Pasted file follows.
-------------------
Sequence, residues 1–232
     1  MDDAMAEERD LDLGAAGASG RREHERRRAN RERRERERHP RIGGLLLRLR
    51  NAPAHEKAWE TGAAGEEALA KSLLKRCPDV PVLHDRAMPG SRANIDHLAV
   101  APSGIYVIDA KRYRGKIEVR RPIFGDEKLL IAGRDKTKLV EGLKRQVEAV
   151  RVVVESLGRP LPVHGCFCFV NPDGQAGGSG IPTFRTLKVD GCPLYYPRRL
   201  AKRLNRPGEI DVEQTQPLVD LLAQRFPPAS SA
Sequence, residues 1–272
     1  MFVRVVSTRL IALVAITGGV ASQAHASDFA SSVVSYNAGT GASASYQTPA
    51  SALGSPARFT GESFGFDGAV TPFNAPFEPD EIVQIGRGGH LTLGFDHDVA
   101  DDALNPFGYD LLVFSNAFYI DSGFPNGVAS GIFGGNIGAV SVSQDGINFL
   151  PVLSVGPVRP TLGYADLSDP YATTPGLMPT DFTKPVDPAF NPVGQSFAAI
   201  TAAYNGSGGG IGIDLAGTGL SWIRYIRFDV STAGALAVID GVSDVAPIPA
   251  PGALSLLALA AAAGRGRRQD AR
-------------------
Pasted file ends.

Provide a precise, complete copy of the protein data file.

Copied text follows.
Sequence, residues 1–232
     1  MDDAMAEERD LDLGAAGASG RREHERRRAN RERRERERHP RIGGLLLRLR
    51  NAPAHEKAWE TGAAGEEALA KSLLKRCPDV PVLHDRAMPG SRANIDHLAV
   101  APSGIYVIDA KRYRGKIEVR RPIFGDEKLL IAGRDKTKLV EGLKRQVEAV
   151  RVVVESLGRP LPVHGCFCFV NPDGQAGGSG IPTFRTLKVD GCPLYYPRRL
   201  AKRLNRPGEI DVEQTQPLVD LLAQRFPPAS SA
Sequence, residues 1–272
     1  MFVRVVSTRL IALVAITGGV ASQAHASDFA SSVVSYNAGT GASASYQTPA
    51  SALGSPARFT GESFGFDGAV TPFNAPFEPD EIVQIGRGGH LTLGFDHDVA
   101  DDALNPFGYD LLVFSNAFYI DSGFPNGVAS GIFGGNIGAV SVSQDGINFL
   151  PVLSVGPVRP TLGYADLSDP YATTPGLMPT DFTKPVDPAF NPVGQSFAAI
   201  TAAYNGSGGG IGIDLAGTGL SWIRYIRFDV STAGALAVID GVSDVAPIPA
   251  PGALSLLALA AAAGRGRRQD AR